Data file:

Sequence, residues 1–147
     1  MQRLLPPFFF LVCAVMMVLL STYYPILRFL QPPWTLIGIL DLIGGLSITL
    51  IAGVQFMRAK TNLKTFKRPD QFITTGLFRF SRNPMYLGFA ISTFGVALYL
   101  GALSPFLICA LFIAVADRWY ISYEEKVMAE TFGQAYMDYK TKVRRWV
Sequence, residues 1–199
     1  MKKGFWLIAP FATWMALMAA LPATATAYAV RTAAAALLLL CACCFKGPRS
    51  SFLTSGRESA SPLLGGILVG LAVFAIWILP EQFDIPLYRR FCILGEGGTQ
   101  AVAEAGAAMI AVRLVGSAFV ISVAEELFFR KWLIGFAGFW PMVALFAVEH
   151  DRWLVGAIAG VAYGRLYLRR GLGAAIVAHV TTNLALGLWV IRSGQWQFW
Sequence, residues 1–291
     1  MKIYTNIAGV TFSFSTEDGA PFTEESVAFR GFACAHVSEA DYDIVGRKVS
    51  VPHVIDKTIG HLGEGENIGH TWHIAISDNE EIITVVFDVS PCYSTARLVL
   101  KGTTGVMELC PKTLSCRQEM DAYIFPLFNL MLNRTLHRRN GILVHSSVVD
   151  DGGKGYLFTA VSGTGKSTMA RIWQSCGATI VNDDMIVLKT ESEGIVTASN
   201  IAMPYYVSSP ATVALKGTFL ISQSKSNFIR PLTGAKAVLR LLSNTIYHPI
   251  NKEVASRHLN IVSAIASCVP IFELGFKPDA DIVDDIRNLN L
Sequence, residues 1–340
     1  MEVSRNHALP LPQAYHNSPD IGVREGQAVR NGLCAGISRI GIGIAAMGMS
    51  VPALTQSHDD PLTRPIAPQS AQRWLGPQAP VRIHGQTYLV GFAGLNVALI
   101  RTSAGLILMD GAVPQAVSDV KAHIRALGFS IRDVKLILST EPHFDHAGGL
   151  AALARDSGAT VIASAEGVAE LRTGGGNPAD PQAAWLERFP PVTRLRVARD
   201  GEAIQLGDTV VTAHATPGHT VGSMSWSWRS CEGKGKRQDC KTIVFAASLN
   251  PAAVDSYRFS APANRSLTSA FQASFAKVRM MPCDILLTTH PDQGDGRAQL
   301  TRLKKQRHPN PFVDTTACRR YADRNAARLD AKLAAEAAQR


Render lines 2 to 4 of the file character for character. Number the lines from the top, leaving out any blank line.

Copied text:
     1  MQRLLPPFFF LVCAVMMVLL STYYPILRFL QPPWTLIGIL DLIGGLSITL
    51  IAGVQFMRAK TNLKTFKRPD QFITTGLFRF SRNPMYLGFA ISTFGVALYL
   101  GALSPFLICA LFIAVADRWY ISYEEKVMAE TFGQAYMDYK TKVRRWV